Queen Esther answered, ‘If I have found favor with you, Your Majesty, and if it pleases you, grant me my life—this is my petition. And spare my people—this is my request. For I and my people have been sold to be destroyed, killed and annihilated. If we had merely been sold as male and female slaves, I would have kept quiet, because no such distress would justify disturbing the king’” (Esther 7:3, 4, NIV).
“For my people everywhere singing their slave songs repeatedly: their dirges and their ditties and their blues and jubilees, praying their prayers nightly to an unknown god, bending their knees humbly to an unseen power.” This is the opening stanza in Margaret Walker’s famous poem “For My People,” originally published in 1942.1 Walker’s imagery and metaphor personify her people. They are those who sing songs of sorrow and jubilee, who “bend their knees to an unseen power.” Beyond simply being overcome by sorrow, Walker believes African Americans are a people filled with much joy and laughter. At the end of her poem she cries out to “let a people of loving freedom come to growth. Let a beauty full of healing and a strength of final clenching be the pulsing in our spirits and our blood. . . . Let a race of men now rise and take control.” Hers is a call for a revolution that turns what is seen as the sociopolitical tide of destruction, death, and extermination to a tide of life, liberty, and freedom.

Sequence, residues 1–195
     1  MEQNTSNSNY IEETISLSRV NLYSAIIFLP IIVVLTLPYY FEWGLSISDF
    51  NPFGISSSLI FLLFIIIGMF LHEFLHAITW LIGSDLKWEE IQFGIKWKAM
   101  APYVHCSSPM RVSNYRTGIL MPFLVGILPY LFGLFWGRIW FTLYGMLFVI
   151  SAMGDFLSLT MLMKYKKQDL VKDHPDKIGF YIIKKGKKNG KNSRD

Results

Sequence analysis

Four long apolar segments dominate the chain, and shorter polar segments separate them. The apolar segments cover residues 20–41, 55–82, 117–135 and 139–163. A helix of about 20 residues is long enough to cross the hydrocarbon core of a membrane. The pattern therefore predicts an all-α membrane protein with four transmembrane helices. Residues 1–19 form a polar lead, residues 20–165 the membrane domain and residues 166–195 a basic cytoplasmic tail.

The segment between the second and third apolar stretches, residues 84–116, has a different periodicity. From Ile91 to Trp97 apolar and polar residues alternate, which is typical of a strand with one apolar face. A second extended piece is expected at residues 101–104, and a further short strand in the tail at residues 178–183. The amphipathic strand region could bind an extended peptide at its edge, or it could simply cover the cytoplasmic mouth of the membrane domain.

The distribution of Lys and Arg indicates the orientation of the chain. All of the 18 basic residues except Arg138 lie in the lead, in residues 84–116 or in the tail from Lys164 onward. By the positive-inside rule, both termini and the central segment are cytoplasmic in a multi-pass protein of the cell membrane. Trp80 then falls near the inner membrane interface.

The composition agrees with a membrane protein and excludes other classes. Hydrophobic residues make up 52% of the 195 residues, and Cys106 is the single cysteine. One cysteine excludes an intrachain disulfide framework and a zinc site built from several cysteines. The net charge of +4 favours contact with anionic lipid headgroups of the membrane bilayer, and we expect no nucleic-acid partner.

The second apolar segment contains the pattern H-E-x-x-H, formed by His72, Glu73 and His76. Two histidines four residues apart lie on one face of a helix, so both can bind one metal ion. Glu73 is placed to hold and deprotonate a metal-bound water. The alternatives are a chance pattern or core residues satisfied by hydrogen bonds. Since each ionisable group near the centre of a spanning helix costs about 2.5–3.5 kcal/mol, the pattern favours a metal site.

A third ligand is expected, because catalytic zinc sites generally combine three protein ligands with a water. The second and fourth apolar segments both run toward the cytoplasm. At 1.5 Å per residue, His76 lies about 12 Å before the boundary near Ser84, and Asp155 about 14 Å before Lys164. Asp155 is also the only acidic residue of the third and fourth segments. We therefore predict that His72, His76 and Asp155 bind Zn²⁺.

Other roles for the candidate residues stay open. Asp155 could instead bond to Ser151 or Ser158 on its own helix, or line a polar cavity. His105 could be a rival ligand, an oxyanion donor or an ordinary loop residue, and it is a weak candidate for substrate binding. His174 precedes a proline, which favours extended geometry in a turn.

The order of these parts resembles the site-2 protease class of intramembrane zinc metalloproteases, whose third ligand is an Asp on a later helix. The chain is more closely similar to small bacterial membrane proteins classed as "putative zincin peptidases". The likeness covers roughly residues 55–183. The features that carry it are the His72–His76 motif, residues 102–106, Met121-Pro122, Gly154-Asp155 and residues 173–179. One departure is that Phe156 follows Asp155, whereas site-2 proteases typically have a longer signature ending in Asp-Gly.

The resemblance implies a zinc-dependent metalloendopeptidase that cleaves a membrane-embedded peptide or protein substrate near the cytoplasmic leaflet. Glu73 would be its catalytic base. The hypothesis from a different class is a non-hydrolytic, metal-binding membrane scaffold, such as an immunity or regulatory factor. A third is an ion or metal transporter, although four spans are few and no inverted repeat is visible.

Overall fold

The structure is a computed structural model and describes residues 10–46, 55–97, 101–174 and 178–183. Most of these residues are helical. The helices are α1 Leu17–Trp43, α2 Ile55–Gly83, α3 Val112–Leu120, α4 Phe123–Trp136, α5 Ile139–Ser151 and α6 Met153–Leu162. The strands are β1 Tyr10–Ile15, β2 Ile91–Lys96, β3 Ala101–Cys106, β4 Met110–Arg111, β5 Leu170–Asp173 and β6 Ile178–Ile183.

Of critical importance is the fact that Walker is not the first Black woman to call for such a revolution. For years African American women have contributed backbone, hands and feet, as well as brains, to many significant social movements of their race and broader society. A proper telling of history would recall there is no emancipation without Harriet; no civil rights without Rosa; and movements for justice in our day are no less dependent on the commitment of women leaders. Black women have consistently been both at the heart of our calls for revolution, and—if we are truly honest—at the engines firing the fuel that maintains them.
This reality of Black women’s central involvement in America’s past and present social justice movements has caused me to ponder the question: Why do Black churches’ promotion of activism and the project of social justice as a prophetic anointing seem reserved exclusively for the male gender? Why do Black churches not celebrate the activism of Martin Luther King with properly balanced mention of Prathia Hall? Why don’t Black churches celebrate the activism of Nelson Mandela with properly balanced credit to Miriam Makeba? Why don’t Black churches celebrate the activism of Jesse Jackson alongside properly balanced mention of Shirley Chisholm?
It seems to me that a major reason that Black churches are more comfortable with men as the spokespersons for justice; that Black churches share stories chronicling the lives of men so much more than women as the leaders and sustainers of the work for social justice; that Black churches may neglect fair reference to women as they champion the efforts of male leaders engaging in the work of social justice, is that our social justice theology is based predominantly on the activism of men in the Bible. The next social justice sermon you hear, as well as the last one you heard, is probably on either Moses, the great emancipator; Jeremiah, the weeping prophet; Micah, the justice expositor; or Paul and Silas, the great liberators. This patriarchal lens through which we often read social justice in the Bible is itself unjust, erasing, as it tends to do, the female activists of Scripture. Such a reading effectively delivers the message that activism is most properly enacted by men.